- How did the services conduct previous drawdowns and what happened to demographic diversity of the force during those drawdowns?
- How might the demographic diversity of the DoD workforce be affected in a future drawdown?
- What policy options are available to DoD and the services to address a potentially negative impact of a drawdown on demographic diversity?
In January 2012, the Department of Defense (DoD) announced plans for a large-scale reduction — or drawdown — of its military force. The last drawdown to affect all four DoD services occurred in the 1990s, after the end of the Cold War. During that period, the military shrank by almost 37 percent, from about 2.17 million in FY 1987 to 1.37 million by FY 2000. Despite having a variety of goals and strategies for the 1990s and mid-2000s drawdowns, the services had few, if any, explicit diversity goals or strategies related to the drawdowns. Based on our discussions with force management experts, demographic diversity is also not part of their recent drawdown goals and strategies. However, the drawdown could have unintended consequences for demographic diversity even when diversity is not part of drawdown decisionmaking. To address the issue of unintended consequences of drawdowns on diversity, the Office of Diversity Management and Equal Opportunity (ODMEO) in the Office of the Under Secretary of Defense (Personnel and Readiness) asked RAND to analyze how force reductions could affect the demographic diversity of the DoD workforce. Our study focuses on gender and race/ethnicity, although we include other individual differences, such as education, in some analyses.
Previous Active-Duty Force Reductions Did Not Generally Decrease Demographic Diversity
- Despite major reductions in the size of the active-duty force in all four services in the 1990s, demographic diversity generally increased.
- Although the Navy and Air Force reduced their active-duty forces in the mid-2000s, demographic diversity of those forces generally increased between fiscal years 2001 and 2011.
Specific Drawdown Effects on Demographic Diversity are Unclear
- Drawdown decisions do not have clear-cut ties to demographic diversity because the services do not make drawdown decisions with demographic goals in mind.
Certain Drawdown Strategies Could Affect Demographic Diversity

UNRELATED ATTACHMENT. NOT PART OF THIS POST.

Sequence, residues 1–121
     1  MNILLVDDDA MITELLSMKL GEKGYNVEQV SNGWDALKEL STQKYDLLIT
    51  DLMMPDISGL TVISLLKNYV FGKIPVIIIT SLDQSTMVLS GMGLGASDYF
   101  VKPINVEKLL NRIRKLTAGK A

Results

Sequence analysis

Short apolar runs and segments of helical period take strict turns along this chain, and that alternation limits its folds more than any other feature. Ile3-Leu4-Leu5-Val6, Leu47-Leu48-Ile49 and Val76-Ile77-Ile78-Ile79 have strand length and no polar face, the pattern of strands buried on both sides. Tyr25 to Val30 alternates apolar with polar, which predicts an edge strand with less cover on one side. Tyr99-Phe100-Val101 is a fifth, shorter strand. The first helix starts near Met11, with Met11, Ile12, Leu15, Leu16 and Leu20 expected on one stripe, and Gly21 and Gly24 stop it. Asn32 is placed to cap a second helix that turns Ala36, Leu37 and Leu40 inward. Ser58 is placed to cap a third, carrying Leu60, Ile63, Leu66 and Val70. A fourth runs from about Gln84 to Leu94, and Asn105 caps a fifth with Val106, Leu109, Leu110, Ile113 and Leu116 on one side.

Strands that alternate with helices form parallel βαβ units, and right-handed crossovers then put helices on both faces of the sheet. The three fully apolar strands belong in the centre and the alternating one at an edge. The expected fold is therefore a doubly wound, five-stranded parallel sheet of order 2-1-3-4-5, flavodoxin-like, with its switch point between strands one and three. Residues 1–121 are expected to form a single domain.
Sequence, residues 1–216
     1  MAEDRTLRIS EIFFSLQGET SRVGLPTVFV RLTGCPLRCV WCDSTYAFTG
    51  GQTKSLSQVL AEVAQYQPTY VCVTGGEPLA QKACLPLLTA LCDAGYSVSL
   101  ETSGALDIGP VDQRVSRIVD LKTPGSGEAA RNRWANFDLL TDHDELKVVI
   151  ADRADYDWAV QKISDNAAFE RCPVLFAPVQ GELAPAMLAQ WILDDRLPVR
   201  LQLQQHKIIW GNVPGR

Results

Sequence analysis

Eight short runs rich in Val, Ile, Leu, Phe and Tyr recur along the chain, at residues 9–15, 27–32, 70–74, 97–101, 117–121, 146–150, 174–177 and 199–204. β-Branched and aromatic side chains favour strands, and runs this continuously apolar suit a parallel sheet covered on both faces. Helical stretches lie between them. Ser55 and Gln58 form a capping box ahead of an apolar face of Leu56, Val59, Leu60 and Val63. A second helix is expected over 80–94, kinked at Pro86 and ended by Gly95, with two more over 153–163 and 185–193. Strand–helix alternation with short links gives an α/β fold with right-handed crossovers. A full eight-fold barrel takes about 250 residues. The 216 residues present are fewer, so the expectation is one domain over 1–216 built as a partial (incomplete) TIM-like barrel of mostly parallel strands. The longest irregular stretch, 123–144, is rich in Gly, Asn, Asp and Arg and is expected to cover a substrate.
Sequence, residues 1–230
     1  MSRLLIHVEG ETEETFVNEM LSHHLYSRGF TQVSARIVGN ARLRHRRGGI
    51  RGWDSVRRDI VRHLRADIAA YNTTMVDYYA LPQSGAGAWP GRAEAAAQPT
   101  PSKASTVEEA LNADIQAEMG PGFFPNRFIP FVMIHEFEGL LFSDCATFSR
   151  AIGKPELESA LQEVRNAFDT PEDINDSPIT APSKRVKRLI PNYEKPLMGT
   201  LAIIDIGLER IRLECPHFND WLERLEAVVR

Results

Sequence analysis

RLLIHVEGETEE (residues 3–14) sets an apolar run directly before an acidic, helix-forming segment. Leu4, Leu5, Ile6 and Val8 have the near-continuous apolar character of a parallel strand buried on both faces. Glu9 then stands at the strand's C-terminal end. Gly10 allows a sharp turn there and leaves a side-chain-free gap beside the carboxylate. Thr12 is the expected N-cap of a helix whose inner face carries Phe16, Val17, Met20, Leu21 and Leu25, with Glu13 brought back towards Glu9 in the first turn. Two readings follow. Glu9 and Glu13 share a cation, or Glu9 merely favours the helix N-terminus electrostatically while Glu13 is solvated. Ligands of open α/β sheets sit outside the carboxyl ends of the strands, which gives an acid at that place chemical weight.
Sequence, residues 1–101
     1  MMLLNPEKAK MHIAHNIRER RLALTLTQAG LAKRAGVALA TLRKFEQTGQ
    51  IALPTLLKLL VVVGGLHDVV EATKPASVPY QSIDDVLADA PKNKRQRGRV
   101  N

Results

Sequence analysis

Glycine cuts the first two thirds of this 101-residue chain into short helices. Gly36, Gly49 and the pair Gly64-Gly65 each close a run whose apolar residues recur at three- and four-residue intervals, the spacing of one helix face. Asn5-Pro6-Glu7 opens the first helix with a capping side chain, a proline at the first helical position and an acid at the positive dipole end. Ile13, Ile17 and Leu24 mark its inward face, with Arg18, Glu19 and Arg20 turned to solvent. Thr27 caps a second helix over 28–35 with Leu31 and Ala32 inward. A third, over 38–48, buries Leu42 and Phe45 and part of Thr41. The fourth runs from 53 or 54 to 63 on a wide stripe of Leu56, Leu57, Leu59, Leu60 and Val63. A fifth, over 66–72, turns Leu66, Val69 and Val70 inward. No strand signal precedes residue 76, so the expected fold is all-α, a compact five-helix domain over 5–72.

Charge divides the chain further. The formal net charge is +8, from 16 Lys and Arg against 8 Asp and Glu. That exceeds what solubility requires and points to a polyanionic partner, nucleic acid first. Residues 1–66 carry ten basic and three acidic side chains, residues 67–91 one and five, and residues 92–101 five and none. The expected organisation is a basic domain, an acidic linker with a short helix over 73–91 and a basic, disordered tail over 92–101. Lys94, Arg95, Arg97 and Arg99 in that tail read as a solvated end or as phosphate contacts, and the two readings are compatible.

- Three categories of workforce characteristics are used to separate active-duty personnel in drawdowns: experience, occupational specialty, and merit. Any of these could affect demographic diversity due to uneven distribution of demographic groups across the three categories.
- Cuts to nontactical operational occupations could adversely affect women and blacks; cuts to tactical operational occupations could adversely affect Hispanic men; cuts based on long service may adversely affect black personnel, but cuts based on short service could adversely affect women; tightening accessions standards could adversely affect both women and minorities.
- We recommend that services not be required to make drawdown decisions based on gender, race, ethnicity, or other protected status, given legal restrictions on using demographic information in employment decisions.
- However, the services should anticipate potential consequences of drawdown decisions by analyzing potential adverse impacts in advance of implementing particular drawdown policies. The Office of the Secretary of Defense (Personnel and Readiness) should develop policy and direct that such analyses be performed, with assistance from the Office of Diversity Management and Equal Opportunity in executing these analyses.
- The Office of Diversity Management and Equal Opportunity should validate the services' predecision analytic results, which will require the Defense Manpower Data Center to acquire more detailed data for validation.
Table of Contents
Active-Duty Drawdown in the 1990s
Navy and Air Force Active-Duty Drawdowns in the Mid-2000s
Law, Policy, and Plans for Recent Active-Duty Drawdowns
Potential Impact of Recent Drawdowns on Demographic Diversity in Active-Duty Force
Conclusions and Recommendations
Reserve Component Drawdowns
Methodology and Additional Results for Chapters Two to Four
Overview of Tools Available for Recent Drawdown
This research was sponsored by the Office of Diversity Management and Equal Opportunity (ODMEO) in the Office of the Under Secretary of Defense (Personnel and Readiness) and conducted within the Forces and Resources Policy Center of the RAND National Defense Research Institute, a federally funded research and development center sponsored by the Office of the Secretary of Defense, the Joint Staff, the Unified Combatant Commands, the Navy, the Marine Corps, the defense agencies, and the defense Intelligence Community.
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